With over 200 blogs on D4Dementia, some of them now 7 years old, I’ve decided to spend my 2019 year of blogging by re-visiting some of the topics I’ve covered previously, throwing fresh light on why they remain relevant and updating them with some of my more recent experiences. This month, I want to look at the communication skill of listening.
I’ve written about communication a lot on D4Dementia, most recently in my January 2019 post, ‘Communication – It’s more than just words’. In that blog I highlighted non-verbal communication skills and observation as two important facets of effective communication.
In this blog I want to build on those themes and look at listening as a vital communication skill. Listening as a skill runs throughout all of my training but particularly in my communication module which includes a learning point of ‘Talking and listening’.
Do you REALLY listen?
It’s always interesting to challenge learners by asking them how good they believe they are at listening. In my experience, most of us believe we are good listeners, when in actual fact we aren’t but fail to recognise this deficit in ourselves. This is partly because although listening is taken for granted, there is a stigma attached to not being a good listener, with poor listeners often considered to be disrespectful. Therefore most of us want to believe we are good listeners even if we aren’t.
But what is a ‘good listener’ exactly? To listen properly, you need to shut out all other thoughts and distractions and really concentrate on the person. That is easier said than done, however. Multitasking is considered a prized skill, but while there are many things you can do simultaneously, good quality listening requires more concentration than a multitasking person can provide.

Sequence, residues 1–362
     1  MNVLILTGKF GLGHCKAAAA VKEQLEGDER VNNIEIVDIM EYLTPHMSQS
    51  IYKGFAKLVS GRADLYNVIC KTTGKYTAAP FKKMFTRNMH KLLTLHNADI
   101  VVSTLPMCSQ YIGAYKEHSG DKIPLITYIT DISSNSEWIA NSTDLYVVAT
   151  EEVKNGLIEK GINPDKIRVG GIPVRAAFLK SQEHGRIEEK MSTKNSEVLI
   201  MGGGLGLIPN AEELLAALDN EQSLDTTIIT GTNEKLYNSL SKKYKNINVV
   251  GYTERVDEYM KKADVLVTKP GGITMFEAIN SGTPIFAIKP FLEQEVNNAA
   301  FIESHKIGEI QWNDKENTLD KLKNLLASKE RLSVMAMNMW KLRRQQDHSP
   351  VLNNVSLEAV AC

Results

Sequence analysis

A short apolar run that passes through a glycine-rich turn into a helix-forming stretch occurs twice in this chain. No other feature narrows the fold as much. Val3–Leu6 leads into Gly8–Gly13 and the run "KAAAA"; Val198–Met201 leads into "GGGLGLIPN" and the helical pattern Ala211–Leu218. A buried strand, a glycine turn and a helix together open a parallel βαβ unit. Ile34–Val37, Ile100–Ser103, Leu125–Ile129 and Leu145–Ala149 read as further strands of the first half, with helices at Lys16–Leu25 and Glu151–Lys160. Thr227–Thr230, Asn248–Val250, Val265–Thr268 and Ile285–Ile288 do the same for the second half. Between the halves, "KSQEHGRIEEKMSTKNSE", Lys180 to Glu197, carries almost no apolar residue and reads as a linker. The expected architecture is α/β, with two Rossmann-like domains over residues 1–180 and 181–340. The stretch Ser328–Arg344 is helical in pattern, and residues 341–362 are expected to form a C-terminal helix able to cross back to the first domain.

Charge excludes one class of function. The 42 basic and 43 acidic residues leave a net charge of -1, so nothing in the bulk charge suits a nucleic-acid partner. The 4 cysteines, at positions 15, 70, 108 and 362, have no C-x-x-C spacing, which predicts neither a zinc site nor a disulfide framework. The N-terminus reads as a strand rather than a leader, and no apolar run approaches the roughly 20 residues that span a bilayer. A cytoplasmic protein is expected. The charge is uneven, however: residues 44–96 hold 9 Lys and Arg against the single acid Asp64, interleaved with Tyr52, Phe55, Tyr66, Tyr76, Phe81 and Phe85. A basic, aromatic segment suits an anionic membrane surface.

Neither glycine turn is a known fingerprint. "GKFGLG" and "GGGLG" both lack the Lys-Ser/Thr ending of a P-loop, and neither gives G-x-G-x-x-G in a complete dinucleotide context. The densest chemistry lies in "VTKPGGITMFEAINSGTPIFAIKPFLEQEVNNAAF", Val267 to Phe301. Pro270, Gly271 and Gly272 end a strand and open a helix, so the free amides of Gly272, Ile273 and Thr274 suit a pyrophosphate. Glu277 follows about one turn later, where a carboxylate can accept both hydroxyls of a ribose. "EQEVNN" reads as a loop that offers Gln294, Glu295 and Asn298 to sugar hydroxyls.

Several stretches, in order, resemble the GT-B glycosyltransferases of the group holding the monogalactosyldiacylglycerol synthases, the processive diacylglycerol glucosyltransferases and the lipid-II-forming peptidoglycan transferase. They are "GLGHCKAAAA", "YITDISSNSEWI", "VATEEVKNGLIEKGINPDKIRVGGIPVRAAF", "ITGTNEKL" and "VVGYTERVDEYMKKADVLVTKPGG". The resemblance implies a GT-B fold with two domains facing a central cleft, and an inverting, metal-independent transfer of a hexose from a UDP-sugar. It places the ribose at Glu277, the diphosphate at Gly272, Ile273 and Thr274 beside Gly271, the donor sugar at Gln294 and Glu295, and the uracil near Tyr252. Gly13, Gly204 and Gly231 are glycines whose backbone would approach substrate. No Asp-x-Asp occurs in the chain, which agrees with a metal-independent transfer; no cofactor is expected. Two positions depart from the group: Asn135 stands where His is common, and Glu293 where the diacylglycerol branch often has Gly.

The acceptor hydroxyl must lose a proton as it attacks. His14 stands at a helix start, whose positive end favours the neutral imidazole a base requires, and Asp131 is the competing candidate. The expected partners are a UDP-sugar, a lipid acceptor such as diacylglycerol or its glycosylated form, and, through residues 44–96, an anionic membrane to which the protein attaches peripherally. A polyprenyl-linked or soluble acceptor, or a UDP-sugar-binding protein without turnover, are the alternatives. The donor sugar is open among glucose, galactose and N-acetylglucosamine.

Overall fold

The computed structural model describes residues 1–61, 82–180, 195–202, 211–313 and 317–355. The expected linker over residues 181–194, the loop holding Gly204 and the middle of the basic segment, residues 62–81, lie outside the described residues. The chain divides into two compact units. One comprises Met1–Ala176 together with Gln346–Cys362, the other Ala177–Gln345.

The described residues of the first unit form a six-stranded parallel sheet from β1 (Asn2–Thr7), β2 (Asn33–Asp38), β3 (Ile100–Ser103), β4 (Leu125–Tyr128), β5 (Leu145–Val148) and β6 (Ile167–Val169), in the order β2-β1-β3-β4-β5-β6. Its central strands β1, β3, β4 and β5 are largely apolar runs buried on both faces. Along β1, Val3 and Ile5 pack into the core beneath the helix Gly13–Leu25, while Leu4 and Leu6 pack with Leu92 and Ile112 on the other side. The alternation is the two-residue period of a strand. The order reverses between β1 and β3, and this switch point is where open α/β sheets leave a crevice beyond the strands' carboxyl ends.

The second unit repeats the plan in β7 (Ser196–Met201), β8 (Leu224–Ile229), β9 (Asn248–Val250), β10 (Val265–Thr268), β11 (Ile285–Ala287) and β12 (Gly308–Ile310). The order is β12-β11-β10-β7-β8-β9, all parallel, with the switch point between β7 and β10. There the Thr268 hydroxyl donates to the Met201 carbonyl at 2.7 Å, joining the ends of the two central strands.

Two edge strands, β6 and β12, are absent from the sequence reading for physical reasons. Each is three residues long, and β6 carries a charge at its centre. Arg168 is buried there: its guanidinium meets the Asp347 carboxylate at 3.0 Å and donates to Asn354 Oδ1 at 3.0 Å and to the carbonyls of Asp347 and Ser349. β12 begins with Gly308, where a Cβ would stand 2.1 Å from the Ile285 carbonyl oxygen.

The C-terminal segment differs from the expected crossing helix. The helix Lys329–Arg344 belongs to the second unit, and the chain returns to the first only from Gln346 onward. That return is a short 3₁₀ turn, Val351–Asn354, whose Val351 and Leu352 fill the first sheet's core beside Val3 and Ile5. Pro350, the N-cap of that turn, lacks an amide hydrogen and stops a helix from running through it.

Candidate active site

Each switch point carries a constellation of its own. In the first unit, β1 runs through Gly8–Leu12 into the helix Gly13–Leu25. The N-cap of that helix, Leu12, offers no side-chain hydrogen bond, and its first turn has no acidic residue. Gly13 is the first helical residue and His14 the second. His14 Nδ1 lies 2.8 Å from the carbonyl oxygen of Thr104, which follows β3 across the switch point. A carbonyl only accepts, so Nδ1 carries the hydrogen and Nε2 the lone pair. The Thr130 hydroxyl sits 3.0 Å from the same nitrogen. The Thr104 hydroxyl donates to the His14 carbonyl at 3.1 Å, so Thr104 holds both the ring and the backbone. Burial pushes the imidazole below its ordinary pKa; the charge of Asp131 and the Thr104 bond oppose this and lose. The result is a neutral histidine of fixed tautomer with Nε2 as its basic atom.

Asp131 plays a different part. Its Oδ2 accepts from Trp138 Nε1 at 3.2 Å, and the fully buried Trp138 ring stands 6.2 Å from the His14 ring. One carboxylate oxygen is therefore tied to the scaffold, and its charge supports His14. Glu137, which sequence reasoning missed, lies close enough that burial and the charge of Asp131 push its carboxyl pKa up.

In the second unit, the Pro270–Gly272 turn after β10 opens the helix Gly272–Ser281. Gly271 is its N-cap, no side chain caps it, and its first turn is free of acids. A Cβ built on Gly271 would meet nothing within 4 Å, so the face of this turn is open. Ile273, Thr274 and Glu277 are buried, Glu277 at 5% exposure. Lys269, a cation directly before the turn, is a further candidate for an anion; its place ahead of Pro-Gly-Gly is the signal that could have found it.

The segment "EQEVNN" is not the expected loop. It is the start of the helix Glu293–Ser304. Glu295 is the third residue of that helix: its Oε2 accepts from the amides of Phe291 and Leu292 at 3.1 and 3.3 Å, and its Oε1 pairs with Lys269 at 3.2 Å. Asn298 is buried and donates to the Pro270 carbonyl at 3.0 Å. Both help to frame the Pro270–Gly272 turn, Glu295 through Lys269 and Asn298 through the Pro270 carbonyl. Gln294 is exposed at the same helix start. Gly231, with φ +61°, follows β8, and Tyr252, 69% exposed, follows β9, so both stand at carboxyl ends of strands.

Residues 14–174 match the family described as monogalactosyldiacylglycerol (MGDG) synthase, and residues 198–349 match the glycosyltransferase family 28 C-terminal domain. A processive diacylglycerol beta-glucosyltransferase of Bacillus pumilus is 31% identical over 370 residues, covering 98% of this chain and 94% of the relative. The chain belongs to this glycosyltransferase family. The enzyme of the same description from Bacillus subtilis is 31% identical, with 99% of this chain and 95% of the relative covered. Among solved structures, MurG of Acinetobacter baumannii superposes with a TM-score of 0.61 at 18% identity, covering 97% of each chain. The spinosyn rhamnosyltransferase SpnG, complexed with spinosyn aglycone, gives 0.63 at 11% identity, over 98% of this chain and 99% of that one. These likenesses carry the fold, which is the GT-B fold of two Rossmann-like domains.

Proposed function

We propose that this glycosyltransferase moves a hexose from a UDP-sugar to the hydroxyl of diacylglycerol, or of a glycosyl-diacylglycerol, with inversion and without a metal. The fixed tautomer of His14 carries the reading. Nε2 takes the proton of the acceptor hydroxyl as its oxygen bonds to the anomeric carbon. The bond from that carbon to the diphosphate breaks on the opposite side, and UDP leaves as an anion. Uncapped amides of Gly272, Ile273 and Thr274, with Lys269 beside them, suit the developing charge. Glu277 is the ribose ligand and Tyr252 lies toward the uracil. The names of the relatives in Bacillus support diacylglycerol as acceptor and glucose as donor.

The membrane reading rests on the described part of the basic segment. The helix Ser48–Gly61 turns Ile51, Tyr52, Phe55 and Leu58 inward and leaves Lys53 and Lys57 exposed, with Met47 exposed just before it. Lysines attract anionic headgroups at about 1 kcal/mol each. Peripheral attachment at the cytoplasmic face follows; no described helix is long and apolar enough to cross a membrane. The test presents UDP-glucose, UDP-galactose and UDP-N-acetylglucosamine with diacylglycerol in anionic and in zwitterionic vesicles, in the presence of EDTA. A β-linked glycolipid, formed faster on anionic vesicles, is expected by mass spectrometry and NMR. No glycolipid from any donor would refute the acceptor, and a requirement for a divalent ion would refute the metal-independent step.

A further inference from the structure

Once you’ve concentrated on the person, your listening is then about more than just being a listening ‘ear’. Whilst our ears take in the sound (or perhaps struggle with this if we have a hearing problem, as I wrote about in ‘Missing the morning chorus – Life with hearing loss’), the interpretation happens in our brains – a busy head with numerous thoughts isn’t going to be a listening head. Our body language can also help or hinder our listening. If we are fidgeting, fiddling with our hands or glancing around we aren’t really concentrating on the person we should be listening to.
Listening in dementia care
When a person is struggling to communicate, you need to listen very carefully to pick up on any clues that can help you to understand what the person wants you to know. Communication can include sounds and noises that aren’t words and may not immediately resonate with you. This can result in the listener losing focus or interest pretty quickly, mostly because we are conditioned to wanting to understand things rapidly and easily.
Hence why, in dementia care in particular, high quality listening is so important. Appreciating that you’ve not immediately understood what you’re hearing but persevering regardless is vital to pick up clues that can help you to unravel what you are hearing. With time and patience you will often discover far more than you might originally have expected to.